14 internautes sur 14 ont trouvé ce commentaire utile
Their best next to Sailin' Shoes10 avril 2006
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Dixie Chicken is Little Feat's third album and is regarded among longtime fans as their best work. Like their previous albums, Little Feat and Sailin' Shoes, Dixie Chicken would garner much critical acclaim but slow sales. The album also showed a change in direction in their music. While Sailin' Shoes was steeped in country, blues, and boogie music, Dixie Chicken is laid back and funkier. This would also be the album to debut longtime Feat members Paul Barrere, Sam Clayton, and Kenny Gradney. Barrere, in particular, would play a pivotal role in the band, gradually writing more songs with their later releases and would be the major voice of the band when they regrouped in 1988.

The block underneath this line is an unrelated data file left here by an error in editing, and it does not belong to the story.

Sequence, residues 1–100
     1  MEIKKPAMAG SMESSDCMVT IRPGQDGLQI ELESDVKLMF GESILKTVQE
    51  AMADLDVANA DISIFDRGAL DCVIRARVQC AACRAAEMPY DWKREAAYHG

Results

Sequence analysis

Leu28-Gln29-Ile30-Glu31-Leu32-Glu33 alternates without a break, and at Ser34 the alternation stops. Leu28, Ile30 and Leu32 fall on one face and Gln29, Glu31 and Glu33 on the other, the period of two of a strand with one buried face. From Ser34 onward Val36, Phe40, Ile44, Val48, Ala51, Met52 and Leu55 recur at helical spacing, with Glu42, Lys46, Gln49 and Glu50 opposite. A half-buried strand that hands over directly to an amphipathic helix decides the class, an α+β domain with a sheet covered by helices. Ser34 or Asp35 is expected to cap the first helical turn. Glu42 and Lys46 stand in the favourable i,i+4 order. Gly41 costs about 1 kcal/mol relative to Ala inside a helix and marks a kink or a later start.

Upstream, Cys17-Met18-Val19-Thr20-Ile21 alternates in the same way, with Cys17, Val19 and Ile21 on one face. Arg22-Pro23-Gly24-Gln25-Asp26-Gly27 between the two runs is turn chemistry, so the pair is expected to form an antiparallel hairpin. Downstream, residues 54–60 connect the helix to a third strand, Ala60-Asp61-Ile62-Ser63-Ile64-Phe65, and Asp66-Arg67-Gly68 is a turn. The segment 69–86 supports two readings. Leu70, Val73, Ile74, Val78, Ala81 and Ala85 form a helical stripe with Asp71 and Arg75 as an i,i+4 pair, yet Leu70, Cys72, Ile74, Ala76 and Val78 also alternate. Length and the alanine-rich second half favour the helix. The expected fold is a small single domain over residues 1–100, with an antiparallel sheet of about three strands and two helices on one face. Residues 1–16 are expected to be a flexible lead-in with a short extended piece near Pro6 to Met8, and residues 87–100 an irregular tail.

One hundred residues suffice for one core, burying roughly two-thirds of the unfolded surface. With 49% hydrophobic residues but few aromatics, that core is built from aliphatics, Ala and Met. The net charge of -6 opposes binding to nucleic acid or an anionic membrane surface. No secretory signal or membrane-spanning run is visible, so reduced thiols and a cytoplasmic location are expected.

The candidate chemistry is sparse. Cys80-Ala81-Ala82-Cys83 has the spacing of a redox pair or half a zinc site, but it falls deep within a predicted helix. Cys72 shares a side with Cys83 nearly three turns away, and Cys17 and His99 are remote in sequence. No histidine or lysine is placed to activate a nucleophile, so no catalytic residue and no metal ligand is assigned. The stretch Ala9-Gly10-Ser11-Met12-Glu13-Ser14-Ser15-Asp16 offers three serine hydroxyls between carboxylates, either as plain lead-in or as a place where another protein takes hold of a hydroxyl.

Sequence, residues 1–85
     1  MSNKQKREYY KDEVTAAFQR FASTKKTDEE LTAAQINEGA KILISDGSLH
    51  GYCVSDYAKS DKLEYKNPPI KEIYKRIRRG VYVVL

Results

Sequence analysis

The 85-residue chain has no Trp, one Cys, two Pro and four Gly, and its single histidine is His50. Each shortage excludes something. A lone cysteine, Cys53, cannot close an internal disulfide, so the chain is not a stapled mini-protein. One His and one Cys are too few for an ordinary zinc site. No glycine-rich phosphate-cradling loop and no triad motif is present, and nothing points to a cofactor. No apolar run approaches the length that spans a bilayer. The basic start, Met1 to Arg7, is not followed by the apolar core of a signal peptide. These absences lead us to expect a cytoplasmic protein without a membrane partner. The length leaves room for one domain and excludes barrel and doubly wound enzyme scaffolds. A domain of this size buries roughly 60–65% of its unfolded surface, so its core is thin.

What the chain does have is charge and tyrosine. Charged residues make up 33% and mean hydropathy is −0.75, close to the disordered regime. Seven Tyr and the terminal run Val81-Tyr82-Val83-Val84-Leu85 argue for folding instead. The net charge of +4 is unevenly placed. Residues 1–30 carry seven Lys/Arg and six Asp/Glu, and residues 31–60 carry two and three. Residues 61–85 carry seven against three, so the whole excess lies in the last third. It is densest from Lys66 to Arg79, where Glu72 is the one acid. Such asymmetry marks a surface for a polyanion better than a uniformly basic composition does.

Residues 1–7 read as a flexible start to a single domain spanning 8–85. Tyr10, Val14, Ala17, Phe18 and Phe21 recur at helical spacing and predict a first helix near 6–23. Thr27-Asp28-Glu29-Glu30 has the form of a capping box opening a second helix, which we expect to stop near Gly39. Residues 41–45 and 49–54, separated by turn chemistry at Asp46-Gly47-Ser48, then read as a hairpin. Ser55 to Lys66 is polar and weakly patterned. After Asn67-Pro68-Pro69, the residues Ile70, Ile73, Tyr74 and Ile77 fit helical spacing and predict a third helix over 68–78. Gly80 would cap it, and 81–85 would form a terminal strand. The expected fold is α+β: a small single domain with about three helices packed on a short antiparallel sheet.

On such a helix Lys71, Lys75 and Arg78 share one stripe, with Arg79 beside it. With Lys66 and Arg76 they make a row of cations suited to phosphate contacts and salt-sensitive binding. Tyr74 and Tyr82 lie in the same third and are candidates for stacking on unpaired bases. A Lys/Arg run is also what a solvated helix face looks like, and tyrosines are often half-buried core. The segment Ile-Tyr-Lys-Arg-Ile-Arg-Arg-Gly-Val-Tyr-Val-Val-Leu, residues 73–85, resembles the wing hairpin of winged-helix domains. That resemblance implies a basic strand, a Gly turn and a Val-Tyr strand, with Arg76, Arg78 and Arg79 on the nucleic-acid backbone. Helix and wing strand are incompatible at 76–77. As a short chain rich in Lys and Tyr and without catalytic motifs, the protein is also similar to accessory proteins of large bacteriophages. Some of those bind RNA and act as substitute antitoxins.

But Lowell George was still the star of the show on Dixie Chicken, writing most of the songs and adding those gruff distinctive lead vocals to every track. As for the songs, they're all very good although I believe the tracks on Sailin' Shoes are slightly better overall. The title track is to this day the band's best and most memorable song, featuring clever wordplay and slide guitar from George and a memorable piano hook from Bill Payne. Country superstar Garth Brooks would later do a respectable cover of this in the `90s, in effect introducing the greatness of Little Feat to a whole new audience. "Fat Man in the Bathtub", another one of George's great story songs, is arguably their second best track with Richie Hayward lending the opening hook with his busy drum line. While the rest of the tracks aren't as widely known, they're all very strong. Songs like the funky "Two Trains", the rollicking "Walkin' All Night", and the dark blues of "On Your Way Down" show George in all of his glory with some of the sweetest slide playing you'll ever hear and the female backing vocals, performed by future superstar Bonnie Raitt among others, providing a nice touch. Another great track is "Fool Yourself", which was written by Fred Tackett, who would later join Little Feat when they reunited for the Let It Roll album and continues to play a major role in the band. "Lafayette Railroad" is a cool instrumental that the band continues to play live while "Juliette", with its arrangement and solemn flute line, recalls a livelier version of Traffic. "Roll Um Easy" and "Kiss It Off" are both very laid back tunes with George's vocals providing the perfect accompaniment. All told, Dixie Chicken is one of the best works from one of the finest American rock bands. Highly recommended.